When RBG’s husband took a position in New York City, Ruth wanted to move with him even though that would mean finding another way to complete her degree. The same dean who clearly did not value women in the Harvard law program denied her request to complete her third year at Columbia Law School. What did she do? She transferred to Columbia and became the first woman to work on two major law reviews: the Harvard Law Review and the Columbia Law Review. In 1959, she earned her law degree at Columbia, rather than Harvard, and tied for first in her class.
[And my friend? She attended law school on a scholarship. All men awarded scholarships had 100% covered. Women? All women awarded scholarships had 75% covered. This meant my friend had student debt when she finished — third in her class — while her male fellow students — no matter their rank — did not. This put an extra burden on her to get a good paying job.]
INSPIRATIONAL RBG QUOTE
"Fight for the things that you care about, but do it in a way that will lead others to join you.” RBG
By now, you see the pattern. So it is not surprising to learn that Ginsburg faced discrimination after receiving her law degree — even though it was from the prestigious Columbia Law School and even though she had tied for first in her class.
[A Side Note: Let me share another story told by my lawyer friend, called Cissy by her friends. She says, “Even though I’d graduated with honors and was on the Vanderbilt Law Review, it was hard to find a job. Nashville law firms were male-only dominions, and none would hire me. Next, I tried banks, but professional positions there were also reserved for men. One bank manager actually suggested I apply for a teller’s position since he wouldn’t consider me for an attorney’s position. The situation didn’t change, even after I passed the Tennessee bar. Why stay in Tennessee? My husband was pursuing his career in journalism and had a prized position at The Tennessean. Years later, he was known as a legendary political reporter. It was the right decision to stay, but I wasn’t going to be defeated. I went into private practice.”]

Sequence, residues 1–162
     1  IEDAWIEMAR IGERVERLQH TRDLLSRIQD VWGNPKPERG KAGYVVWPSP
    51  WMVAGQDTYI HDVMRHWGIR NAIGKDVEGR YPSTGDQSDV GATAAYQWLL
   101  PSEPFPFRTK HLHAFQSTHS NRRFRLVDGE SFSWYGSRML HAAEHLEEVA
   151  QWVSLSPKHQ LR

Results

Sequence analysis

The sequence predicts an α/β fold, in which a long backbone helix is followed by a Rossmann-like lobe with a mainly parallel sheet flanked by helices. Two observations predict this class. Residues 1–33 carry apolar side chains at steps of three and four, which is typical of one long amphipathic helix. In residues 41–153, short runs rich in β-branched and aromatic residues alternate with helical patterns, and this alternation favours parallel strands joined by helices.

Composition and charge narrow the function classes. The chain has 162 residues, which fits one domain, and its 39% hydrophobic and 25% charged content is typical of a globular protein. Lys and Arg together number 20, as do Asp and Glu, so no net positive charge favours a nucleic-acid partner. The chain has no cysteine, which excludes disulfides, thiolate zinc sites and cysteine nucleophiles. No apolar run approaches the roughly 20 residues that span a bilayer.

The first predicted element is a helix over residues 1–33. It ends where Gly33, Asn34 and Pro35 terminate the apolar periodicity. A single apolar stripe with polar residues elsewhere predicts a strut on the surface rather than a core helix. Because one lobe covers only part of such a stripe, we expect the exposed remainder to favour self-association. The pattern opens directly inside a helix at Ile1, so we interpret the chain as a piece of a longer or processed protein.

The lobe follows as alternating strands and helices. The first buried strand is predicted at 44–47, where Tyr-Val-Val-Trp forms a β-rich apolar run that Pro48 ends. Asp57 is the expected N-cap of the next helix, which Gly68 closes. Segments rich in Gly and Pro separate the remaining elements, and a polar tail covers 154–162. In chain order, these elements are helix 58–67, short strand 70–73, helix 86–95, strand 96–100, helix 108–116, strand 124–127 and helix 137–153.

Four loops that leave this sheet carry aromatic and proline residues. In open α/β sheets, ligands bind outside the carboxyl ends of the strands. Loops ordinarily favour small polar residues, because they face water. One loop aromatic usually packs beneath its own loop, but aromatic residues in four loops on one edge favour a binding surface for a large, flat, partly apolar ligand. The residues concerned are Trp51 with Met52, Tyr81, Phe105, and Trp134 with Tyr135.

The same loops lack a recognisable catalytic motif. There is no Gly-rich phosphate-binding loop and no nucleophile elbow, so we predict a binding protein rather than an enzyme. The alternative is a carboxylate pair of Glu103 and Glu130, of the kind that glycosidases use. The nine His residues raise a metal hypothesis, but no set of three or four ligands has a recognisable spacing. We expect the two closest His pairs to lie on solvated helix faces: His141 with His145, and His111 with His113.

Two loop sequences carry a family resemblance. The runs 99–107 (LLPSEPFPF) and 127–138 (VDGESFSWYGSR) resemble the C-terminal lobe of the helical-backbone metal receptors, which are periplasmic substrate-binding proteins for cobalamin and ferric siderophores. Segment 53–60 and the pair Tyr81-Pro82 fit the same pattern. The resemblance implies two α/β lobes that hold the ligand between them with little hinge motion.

INSPIRATIONAL RBG QUOTE
"Don't be distracted by emotions like anger, envy, resentment.
These just zap energy and waste time.” RBG
Like many law graduates, RBG sought a clerkship after graduation. Her professor, Albert Martin Sacks (later dean of the Harvard Law School), gave her a strong recommendation to Supreme Court Justice Felix Frankfurter. Frankfurter openly rejected her application because she was a woman. Fortunately, another Columbia law professor recommended her to Judge Edmund Palmieri of the US District Court for the Southern Distract of New York. The professor pushed and pushed, even threatening that he’d never send a Columbia Law graduate to Palmieri again if he didn’t hire her. As a final sweetener, he promised that if RBG didn’t work out, he would find a replacement clerk. Palmieri hired RBG and she was his valued clerk for two years before moving on in her career.
An experience in Sweden helped shape her views on women’s rights. Ginsburg, working as a research associate/associate director of the Columbia Law School Project on International Procedure, learned Swedish in order to co-author a book on civil procedure in Sweden. She went to Lund University to conduct interviews and during that time became close to the family of her co-author, Anders Bruzelius. She saw that women were 20-25 percent of all law students; she met a woman who was eight months pregnant and still working—not possible in the US; and perhaps most influential, she got to know her co-author’s daughter who later became a Norwegian supreme court justice as well as President of the Norwegian Association for Women’s Rights.
This concludes Part 1 of our discussion of Ruth Bader Ginsburg and the many ways she can inspire all of us.
We hope you return next week when we conclude her story.
If you missed our previous blogs, you'll find them here:
Rosie the Riveter's Riveting Story -- Find out the connection to Jackie Kennedy's fashion designer and Rosalind Palmer Walter (major funder of public television).
No Teno Quah / Grace Thorpe - WW2 Service to Country and Service to Native American Community